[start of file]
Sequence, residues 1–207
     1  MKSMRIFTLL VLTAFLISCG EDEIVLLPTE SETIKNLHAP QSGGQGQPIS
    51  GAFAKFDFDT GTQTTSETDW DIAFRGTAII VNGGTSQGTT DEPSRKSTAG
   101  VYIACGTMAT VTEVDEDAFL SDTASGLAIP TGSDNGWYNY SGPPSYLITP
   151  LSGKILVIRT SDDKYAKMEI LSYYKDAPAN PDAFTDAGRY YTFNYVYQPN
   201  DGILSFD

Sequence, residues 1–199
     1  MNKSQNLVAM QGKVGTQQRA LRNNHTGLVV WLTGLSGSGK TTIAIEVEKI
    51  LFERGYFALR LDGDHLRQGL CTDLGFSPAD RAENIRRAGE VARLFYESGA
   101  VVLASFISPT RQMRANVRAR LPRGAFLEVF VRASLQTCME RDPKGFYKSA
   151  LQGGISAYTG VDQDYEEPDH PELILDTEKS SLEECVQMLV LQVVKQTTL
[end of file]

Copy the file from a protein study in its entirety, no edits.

Sequence, residues 1–207
     1  MKSMRIFTLL VLTAFLISCG EDEIVLLPTE SETIKNLHAP QSGGQGQPIS
    51  GAFAKFDFDT GTQTTSETDW DIAFRGTAII VNGGTSQGTT DEPSRKSTAG
   101  VYIACGTMAT VTEVDEDAFL SDTASGLAIP TGSDNGWYNY SGPPSYLITP
   151  LSGKILVIRT SDDKYAKMEI LSYYKDAPAN PDAFTDAGRY YTFNYVYQPN
   201  DGILSFD

Sequence, residues 1–199
     1  MNKSQNLVAM QGKVGTQQRA LRNNHTGLVV WLTGLSGSGK TTIAIEVEKI
    51  LFERGYFALR LDGDHLRQGL CTDLGFSPAD RAENIRRAGE VARLFYESGA
   101  VVLASFISPT RQMRANVRAR LPRGAFLEVF VRASLQTCME RDPKGFYKSA
   151  LQGGISAYTG VDQDYEEPDH PELILDTEKS SLEECVQMLV LQVVKQTTL